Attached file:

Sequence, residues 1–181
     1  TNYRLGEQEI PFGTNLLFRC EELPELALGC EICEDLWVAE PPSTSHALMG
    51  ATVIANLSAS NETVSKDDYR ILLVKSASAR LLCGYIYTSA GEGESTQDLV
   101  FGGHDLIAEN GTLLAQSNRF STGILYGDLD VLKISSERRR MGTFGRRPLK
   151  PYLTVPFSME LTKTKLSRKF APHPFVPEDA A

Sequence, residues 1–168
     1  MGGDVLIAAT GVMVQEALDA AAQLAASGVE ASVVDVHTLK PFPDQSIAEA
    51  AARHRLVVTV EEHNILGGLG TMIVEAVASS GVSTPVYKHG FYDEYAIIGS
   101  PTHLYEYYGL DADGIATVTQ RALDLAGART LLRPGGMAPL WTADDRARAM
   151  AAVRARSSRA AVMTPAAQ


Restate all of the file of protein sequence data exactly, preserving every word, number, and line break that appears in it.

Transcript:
Sequence, residues 1–181
     1  TNYRLGEQEI PFGTNLLFRC EELPELALGC EICEDLWVAE PPSTSHALMG
    51  ATVIANLSAS NETVSKDDYR ILLVKSASAR LLCGYIYTSA GEGESTQDLV
   101  FGGHDLIAEN GTLLAQSNRF STGILYGDLD VLKISSERRR MGTFGRRPLK
   151  PYLTVPFSME LTKTKLSRKF APHPFVPEDA A

Sequence, residues 1–168
     1  MGGDVLIAAT GVMVQEALDA AAQLAASGVE ASVVDVHTLK PFPDQSIAEA
    51  AARHRLVVTV EEHNILGGLG TMIVEAVASS GVSTPVYKHG FYDEYAIIGS
   101  PTHLYEYYGL DADGIATVTQ RALDLAGART LLRPGGMAPL WTADDRARAM
   151  AAVRARSSRA AVMTPAAQ